icon-folder.gif   Conference Reports for NATAP  
  16th International Workshop
on Clinical Pharmacology of HIV
and Hepatitis Therapy
May 26-28, 2015
Washington, DC
Back grey_arrow_rt.gif
Merck Sees No Dose-Response
Relationship With Doravirine, a New Nonnucleoside

  16th International Workshop on Clinical Pharmacology of HIV and Hepatitis Therapy, May 26-28, 2015, Washington, DC
Mark Mascolini
Analysis of phase 2 trial data found no link between 48-week virologic response and levels of doravirine, an investigational nonnucleoside, regardless of viral load before treatment began [1]. On the basis of these findings and other considerations, a Merck team chose 100 mg once daily as the dose for phase 3 trials.
Doravirine, MK-1439, retains in vitro activity against HIV bearing either of two critical nonnucleoside mutations, K103N and Y181C, as well as against virus bearing both mutations. The phase 2 trial, however, compared doravirine with efavirenz (each with tenofovir/emtricitabine) in antiretroviral-naive people without nonnucleoside-resistant virus. In the first part of this trial, investigators randomized participants to 25, 50, or 200 mg of doravirine or to efavirenz. In part 2 all doravirine-treated patients switched to 100 mg and additional patients enrolled took either 100 mg of doravirine or standard-dose efavirenz [2]. After 48 weeks a noncompleter-equals-failure analysis figured sub-200-copy response rates of 83% in the combined doravirine arms (n = 166) and 79% in the efavirenz arm (n = 42). Respective sub-40-copy response rates were 76% and 71%.
For the dose-response analysis, Merck investigators combined sparsely collected pharmacokinetic (PK) data from 167 phase 2 participants with densely sampled data from a phase 1 study to yield individual post hoc estimates of steady-state PK values. The Merck team matched individual steady-state estimates with week-48 virologic results and explored pharmacokinetic/pharmacodynamic trends graphically. They also divided trough concentrations into equal-sized groups and plotted them against proportions of participants in each group with an undetectable viral load.
The analysis found no correlation between 48-week viral load and doravirine trough, maximum concentration, or 24-hour area under the concentration-time curve (AUC). The investigators found no difference in exposure-response trends between participants with a pretreatment viral load above 100,000 copies versus below 100,000 copies. Furthermore, the Merck team discerned no trends between doravirine PKs and proportions of participants with an undetectable 48-week viral load at doravirine doses ranging from 25 to 200 mg.
Finally, when the researchers plotted steady-state trough concentrations against baseline viral loads, the distribution of participants with versus without an undetectable viral load at week 48 suggested no trend between attaining an undetectable load and steady-state trough, regardless of pretreatment viral load.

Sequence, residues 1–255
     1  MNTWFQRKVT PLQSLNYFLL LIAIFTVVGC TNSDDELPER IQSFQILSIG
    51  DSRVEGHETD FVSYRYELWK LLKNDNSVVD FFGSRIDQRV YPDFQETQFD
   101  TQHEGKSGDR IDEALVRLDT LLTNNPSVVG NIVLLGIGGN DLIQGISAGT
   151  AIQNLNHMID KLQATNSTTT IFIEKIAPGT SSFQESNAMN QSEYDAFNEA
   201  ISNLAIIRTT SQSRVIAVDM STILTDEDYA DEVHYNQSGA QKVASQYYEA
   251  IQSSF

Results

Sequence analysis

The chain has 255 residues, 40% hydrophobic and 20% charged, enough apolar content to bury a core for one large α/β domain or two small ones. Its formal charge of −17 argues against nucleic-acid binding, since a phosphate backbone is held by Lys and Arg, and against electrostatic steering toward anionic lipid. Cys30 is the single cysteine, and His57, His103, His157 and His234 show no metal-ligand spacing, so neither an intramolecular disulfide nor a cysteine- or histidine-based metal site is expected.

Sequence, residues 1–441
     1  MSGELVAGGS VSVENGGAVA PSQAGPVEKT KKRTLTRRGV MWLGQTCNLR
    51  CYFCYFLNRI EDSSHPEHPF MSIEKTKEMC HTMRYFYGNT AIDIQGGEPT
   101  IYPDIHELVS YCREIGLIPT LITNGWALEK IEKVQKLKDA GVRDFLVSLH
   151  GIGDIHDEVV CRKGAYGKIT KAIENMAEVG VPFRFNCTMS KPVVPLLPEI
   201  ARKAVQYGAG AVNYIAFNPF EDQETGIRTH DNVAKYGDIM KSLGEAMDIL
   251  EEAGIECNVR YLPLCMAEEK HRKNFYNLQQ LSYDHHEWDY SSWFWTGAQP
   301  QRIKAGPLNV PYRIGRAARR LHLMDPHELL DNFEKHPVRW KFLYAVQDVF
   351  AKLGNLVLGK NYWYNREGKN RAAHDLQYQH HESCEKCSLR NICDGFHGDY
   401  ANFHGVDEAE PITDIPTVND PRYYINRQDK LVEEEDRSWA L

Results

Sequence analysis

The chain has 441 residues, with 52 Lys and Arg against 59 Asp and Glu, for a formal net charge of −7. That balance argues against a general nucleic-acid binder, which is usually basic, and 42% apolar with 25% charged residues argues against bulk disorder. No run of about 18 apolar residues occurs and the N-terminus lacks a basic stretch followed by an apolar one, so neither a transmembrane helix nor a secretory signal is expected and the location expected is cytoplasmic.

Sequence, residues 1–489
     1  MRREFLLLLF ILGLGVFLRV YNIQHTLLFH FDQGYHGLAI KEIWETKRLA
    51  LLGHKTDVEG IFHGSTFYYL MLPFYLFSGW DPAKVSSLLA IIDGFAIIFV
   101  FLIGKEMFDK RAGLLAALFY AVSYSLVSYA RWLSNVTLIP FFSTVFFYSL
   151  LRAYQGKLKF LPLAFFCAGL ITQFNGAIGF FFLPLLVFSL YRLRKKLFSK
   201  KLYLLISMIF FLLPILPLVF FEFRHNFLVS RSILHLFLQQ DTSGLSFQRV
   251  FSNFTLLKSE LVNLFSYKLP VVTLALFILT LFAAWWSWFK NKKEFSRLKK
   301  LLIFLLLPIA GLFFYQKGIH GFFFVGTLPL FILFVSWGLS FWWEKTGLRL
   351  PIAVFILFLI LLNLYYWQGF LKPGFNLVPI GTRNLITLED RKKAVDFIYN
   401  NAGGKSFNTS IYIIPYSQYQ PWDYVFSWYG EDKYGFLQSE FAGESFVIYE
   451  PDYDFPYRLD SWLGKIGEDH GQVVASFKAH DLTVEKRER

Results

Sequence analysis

"Overall," the Merck investigators concluded, "there is no evidence of an exposure-response relationship for . . . viral load or the proportion of [participants] achieving undetectable viral RNA at week 48." This finding, they proposed, "indicates attainment of a plateau over the dose range 25-200 mg once daily" in this phase 2 trial. Based on these findings and a risk-benefit assessment including potential drug interactions, activity against common nonnucleoside-resistant strains, and forgiveness of missed doses, Merck picked 100 mg once daily as the dose to test in phase 3 trials.
To support a planned phase 2 trial, Merck researchers also explored the effect switching from efavirenz to doravirine would have on doravirine concentrations [1]. They observed that taking doravirine with rifampin, a strong CYP3A4 inducer, cuts doravirine exposure. Thus they anticipated a transient drop in doravirine exposure when it follows efavirenz, a moderate CYP3A4 inducer.
To test that hypothesis they created a fixed-sequence design with three periods:
Period 1: 100 mg of doravirine once daily in the morning for 5 days followed by a 7-day washout
Period 2: 600 mg of efavirenz once daily at bedtime for 14 days
Period 3 (immediately following period 2): 100 mg of doravirine once daily in the morning for 14 days.
Comparing doravirine pharmacokinetics after efavirenz dosing with doravirine alone, the researchers confirmed a transient drop in doravirine exposure when the nonnucleoside starts immediately after efavirenz stops. For AUC the geometric mean for doravirine plus efavirenz versus doravirine alone rose from 0.38 a day after efavirenz stopped to 0.68 two weeks after efavirenz stopped. The doravirine trough concentration after efavirenz exceeded the 24-hour concentration target based on efficacy against wild-type virus (78 nM). One attendee argued that a sterner test would be the doravirine concentration target based on a single-mutant virus. Merck will analyze the clinical relevance of the transient interaction between doravirine and efavirenz in a phase 2 study of virologically suppressed patients switching from efavirenz to doravirine.
1. Yee K, Xu X, Teppler H. Doravirine efficacy exposure-response analysis at week 48 and implications. 16th International Workshop on Clinical Pharmacology of HIV and Hepatitis Therapy. May 26-28, 2015. Washington, DC. Abstract 5.
2. Gatell JM, Morales-Ramirez JO, Hagins DP, et al. Forty-eight-week efficacy and safety and early CNS tolerability of doravirine (MK-1439), a novel NNRTI, with TDF/FTC in ART-naive HIV-positive patients. J Int AIDS Soc. 2014;17(4 Suppl
3):19532. http://www.ncbi.nlm.nih.gov/pmc/articles/PMC4224904/